- The Washington Times - Tuesday, August 22, 2017

U.S. Ambassador to the United Nations Nikki Haley said Tuesday that Afghanistan and Pakistan weren’t on the travel ban list because the government knew how to monitor people coming in and out of those countries.

“I think the travel ban was based on certain threats and more importantly, it was based on the fact that … we didn’t have enough information. The goal was always, and the goal continues to be for the president, to keep Americans safe,” Ms. Haley said on CNN.

“In those countries, we had the info that we feel like we can monitor, and we can screen, and we can make sure exactly who is coming into our country. In those other countries on the travel ban, we don’t have that, and that is not just to keep everybody out of America,” she said.

Ms. Haley also reacted to President Trump’s speech Wednesday that renewed America’s military commitment in Afghanistan. The president didn’t offer many details of what the commitment will entail, but he did say that troops would “fight to win.”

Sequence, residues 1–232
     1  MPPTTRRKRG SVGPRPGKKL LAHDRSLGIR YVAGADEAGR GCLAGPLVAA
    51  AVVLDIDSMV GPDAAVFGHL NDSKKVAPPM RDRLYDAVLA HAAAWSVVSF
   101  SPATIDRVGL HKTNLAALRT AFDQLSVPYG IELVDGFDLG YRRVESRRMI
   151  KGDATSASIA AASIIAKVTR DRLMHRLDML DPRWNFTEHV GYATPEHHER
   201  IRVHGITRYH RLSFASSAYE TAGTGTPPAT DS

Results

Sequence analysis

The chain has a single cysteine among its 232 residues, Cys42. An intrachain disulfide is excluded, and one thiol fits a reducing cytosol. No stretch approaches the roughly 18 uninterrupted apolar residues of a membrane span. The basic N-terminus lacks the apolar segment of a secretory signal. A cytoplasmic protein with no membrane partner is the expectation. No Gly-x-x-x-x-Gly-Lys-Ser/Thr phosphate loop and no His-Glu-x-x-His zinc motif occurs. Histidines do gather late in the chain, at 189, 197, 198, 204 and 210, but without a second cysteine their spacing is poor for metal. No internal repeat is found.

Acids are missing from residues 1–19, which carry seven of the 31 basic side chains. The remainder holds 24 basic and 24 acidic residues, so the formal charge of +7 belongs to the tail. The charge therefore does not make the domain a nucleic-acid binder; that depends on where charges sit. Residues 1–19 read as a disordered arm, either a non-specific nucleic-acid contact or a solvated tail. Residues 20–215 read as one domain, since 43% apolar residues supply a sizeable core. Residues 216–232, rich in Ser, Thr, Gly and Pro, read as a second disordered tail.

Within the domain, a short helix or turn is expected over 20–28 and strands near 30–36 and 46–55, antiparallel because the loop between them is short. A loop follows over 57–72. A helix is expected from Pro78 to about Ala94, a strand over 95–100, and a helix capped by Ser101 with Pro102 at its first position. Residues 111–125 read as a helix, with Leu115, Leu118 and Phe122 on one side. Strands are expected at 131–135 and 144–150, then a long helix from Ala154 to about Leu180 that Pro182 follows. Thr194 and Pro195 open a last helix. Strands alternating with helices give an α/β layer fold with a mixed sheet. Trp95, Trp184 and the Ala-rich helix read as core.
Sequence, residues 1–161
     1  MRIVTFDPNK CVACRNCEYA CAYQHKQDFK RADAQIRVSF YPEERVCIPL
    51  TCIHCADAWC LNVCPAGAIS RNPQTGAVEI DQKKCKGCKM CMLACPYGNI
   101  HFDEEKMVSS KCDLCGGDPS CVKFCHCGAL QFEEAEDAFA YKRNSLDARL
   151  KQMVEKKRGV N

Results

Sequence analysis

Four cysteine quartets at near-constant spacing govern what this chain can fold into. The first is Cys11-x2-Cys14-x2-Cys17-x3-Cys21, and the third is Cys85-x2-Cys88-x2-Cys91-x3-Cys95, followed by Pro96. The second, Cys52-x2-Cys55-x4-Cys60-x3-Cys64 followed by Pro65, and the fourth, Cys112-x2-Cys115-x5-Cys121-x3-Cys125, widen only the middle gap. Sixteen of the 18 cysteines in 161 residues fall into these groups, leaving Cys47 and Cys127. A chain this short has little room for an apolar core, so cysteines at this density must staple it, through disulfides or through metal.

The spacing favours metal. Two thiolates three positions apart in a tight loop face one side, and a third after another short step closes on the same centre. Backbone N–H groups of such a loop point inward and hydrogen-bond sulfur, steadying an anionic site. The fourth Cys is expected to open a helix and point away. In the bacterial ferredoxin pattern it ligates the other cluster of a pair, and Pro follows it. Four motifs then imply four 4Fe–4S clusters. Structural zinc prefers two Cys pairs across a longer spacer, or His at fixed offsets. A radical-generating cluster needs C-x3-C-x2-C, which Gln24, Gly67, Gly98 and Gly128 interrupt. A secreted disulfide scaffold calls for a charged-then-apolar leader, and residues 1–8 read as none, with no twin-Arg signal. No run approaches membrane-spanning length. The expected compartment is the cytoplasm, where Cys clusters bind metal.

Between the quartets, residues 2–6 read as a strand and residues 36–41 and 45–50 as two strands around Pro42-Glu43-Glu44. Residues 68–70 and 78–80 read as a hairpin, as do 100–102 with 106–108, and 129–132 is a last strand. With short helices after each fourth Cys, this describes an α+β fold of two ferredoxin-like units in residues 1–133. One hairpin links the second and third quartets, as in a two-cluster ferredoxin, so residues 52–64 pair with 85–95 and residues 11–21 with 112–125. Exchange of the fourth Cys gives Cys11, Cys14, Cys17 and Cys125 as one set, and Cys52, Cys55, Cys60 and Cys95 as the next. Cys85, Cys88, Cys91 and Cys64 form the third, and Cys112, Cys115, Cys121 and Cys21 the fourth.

“At the end of the day, all of the generals came together, the national security team came together, and this president made some decisions. And I can tell you, the decisions he made are very different from anything that’s happened before. We’re not talking about duration because we’re not focused on time. We’re not focused on troop numbers, because we’re not focused on troop numbers,” she said.

She also said that Mr. Trump’s denouncement of bigotry at the beginning of his speech was another positive step in the wake of the Charlottesville, Virginia, protests that turned violent two weeks ago. The president came under fire for not being strong enough against the white supremacist groups that descended on the city causing the unrest.

“I had a personal conversation with the president about Charlottesville, and I will leave it at that. But I will tell you that there is no room for hate in this country,” Ms. Haley said. “I think he clarified the fact that there is no room for bigotry in our country, but he brought it home to the fact that if our troops are fighting overseas, and if they’re fighting for our freedoms, and fighting for our rights, let’s not abuse it. Because at the end of the day, we are one country.”

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